Plant a seed... Save a butterflyBy starlight1153 (starlight1153) on April 9, 2010
|Butterflies with their flashing colors and patterns, are some of the most beautiful creatures in the world. For thousands of years these small delicate creatures have delighted humans with their fluttering around from place to place and flower to flower. Butterflies bring such joy to all that behold them from the youngest child to the eldest adult. They are also one of the few rare species of creatures that are harmless to man, his garden, and farmers to their crops.|
The majority of butterflies have a very short life span in which to complete their life cycle. Generally, it is only a month or two. In that short period of time, they must evolve from an egg to an adult and be able to reproduce if the species is to survive. How successful a butterfly may be at completing its life cycle is in direct control with the environment surrounding it. The adults need specific nectar plants and the larva require host plants upon which to feed if they are to flourish.
Asclepias, is the scientific name of the Milkweed plant they use. There are many cultivars of Asclepias. Some cultivars do better for different areas. The one cultivar that you want to watch planting though is that of Asclepias verticillta L., the Whorled Milkweed if you live in a country-type area where cattle and livestock are raised. This particular type of Milkweed is an acute toxin to the animals and should not be planted. This particular Milkweed will retain it’s toxins even when dry and an animal consuming 2 to 3% of this Milkweed in it’s diet can cause death (2).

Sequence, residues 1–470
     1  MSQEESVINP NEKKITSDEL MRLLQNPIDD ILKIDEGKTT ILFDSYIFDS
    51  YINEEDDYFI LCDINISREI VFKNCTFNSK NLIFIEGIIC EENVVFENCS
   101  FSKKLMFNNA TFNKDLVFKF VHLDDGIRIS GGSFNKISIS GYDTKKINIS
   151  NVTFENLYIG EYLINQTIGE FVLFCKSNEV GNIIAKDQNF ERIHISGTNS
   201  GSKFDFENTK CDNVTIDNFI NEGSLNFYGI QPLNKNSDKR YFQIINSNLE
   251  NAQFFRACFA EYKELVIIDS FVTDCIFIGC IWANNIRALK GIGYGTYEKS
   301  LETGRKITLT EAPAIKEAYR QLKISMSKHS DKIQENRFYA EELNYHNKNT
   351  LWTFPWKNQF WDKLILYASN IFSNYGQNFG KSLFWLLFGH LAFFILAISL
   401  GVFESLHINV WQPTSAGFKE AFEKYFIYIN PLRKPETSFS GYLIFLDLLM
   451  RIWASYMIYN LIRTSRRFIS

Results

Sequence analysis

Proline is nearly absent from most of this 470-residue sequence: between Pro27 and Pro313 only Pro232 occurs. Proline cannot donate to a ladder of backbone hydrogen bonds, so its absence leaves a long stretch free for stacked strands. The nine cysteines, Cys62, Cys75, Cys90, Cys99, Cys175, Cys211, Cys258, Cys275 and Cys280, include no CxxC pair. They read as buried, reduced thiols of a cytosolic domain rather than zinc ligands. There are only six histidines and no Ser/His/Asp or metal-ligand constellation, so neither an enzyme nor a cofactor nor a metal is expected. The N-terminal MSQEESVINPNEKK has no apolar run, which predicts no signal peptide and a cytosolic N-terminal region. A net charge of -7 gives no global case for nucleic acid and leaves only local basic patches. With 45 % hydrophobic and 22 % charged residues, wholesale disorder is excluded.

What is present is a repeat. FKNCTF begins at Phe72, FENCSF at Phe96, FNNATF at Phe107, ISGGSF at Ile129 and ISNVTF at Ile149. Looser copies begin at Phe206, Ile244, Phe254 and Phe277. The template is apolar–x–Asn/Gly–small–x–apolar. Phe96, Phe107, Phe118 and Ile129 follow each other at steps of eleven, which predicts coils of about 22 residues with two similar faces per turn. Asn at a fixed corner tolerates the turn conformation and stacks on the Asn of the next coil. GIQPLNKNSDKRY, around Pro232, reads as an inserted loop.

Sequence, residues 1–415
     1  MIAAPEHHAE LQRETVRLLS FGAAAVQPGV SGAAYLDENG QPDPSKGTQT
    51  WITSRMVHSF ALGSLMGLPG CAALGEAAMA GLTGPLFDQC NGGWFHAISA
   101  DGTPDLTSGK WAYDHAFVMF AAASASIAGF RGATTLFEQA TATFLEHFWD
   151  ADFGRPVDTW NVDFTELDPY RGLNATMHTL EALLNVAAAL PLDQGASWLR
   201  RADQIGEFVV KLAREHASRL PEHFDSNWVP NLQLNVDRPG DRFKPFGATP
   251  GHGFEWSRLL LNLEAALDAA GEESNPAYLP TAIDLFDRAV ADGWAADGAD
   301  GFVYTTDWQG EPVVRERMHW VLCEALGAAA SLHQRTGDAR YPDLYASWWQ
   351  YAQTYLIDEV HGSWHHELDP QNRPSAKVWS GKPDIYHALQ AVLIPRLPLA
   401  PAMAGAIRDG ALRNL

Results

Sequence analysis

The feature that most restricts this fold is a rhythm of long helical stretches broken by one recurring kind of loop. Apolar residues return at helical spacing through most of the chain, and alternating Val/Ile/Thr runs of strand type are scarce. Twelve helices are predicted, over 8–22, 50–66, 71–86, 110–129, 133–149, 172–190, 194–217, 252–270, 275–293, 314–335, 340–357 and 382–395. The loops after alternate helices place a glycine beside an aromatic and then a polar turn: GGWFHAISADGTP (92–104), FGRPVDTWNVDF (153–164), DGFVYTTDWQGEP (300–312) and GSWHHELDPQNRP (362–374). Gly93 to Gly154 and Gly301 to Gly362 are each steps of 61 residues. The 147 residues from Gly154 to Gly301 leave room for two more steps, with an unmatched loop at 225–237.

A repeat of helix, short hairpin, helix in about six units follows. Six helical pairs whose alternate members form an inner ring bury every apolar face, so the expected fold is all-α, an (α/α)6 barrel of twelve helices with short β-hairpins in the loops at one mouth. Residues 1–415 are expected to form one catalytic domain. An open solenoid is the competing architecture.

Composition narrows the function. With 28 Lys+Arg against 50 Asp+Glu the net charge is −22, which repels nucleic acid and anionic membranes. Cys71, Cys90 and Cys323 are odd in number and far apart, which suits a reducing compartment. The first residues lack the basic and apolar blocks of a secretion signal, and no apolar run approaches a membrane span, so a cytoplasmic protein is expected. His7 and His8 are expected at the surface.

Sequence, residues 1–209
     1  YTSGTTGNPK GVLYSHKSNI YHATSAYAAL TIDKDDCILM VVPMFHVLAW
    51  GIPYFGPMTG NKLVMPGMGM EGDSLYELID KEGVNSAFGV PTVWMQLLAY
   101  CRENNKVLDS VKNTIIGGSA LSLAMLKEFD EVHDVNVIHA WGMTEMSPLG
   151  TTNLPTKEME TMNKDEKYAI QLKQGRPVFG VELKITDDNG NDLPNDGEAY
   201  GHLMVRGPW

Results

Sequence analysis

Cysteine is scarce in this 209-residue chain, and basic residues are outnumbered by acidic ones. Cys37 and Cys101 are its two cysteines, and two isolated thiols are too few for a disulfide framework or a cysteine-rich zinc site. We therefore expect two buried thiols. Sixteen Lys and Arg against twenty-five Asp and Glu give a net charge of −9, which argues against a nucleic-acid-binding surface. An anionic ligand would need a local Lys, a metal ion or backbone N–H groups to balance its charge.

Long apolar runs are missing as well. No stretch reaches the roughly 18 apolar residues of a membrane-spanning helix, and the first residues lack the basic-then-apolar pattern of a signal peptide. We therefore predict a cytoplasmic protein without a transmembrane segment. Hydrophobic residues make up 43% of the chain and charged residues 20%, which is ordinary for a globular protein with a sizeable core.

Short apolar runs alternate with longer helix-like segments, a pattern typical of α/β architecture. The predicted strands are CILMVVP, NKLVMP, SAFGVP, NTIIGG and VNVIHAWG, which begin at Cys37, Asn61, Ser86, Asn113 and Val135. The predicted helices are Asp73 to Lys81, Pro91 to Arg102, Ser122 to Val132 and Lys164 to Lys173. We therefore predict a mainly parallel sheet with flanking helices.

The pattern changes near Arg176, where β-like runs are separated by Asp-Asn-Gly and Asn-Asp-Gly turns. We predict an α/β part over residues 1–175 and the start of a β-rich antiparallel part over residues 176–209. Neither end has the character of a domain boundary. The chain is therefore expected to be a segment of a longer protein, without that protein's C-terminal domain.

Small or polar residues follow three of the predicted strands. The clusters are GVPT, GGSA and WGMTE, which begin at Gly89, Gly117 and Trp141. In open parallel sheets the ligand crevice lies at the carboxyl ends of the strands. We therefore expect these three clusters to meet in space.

One of the reasons Monarchs prefer the Milkweed plant is because some Asclepias plants contains cardiac glycosides (heart poisons). It is this poison which makes some birds vomit if they try to eat a Monarch butterfly, thus offering the Monarch some protection from predators. Not all Monarchs' are poisonous. For a Monarch to be poisonous, its larva must digest some of the plant.
The following is a list of just a few of the many Asclepias that so well in most areas.
Asclepias californica Asclepias speciosa
Asclepias cryptoceras Asclepias subulata
Asclepias curassavica Asclepias tuberosa
Asclepias eriocarpa Asclepias variegata
Asclepias incarnata Asclepias verticulata
It would be sad if this beautiful butterfly became extinct. By planting even one Milkweed plant, you can help to save this species. There are many places available on the web that sell Milkweed plants. In an effort to help the Monarch butterfly thrive for future genrations, I am offering free Asclepias seeds, while supply lasts, to anybody who will take the time to grow them. Too request free seeds, c-mail me.
Many thanks to Imapigeon/Janet and Marilyn for use of their photographs. http://cubits.org/ellasgarden/db/butterfliesoftheworl/view/1289/
2. Minimizing Live Stock Plant Poisoning on Western Nebraska Rangelands. Scott. E. Cotton. NebGuide. July 2009 http://elkhorn.unl.edu/epublic/pages/publicationD.jsp?publicationId=1186.
3. Butterflies of North America, A Natural History and Field, Guide. J. Scott. 1986. Stanford California. University Press. pp 229
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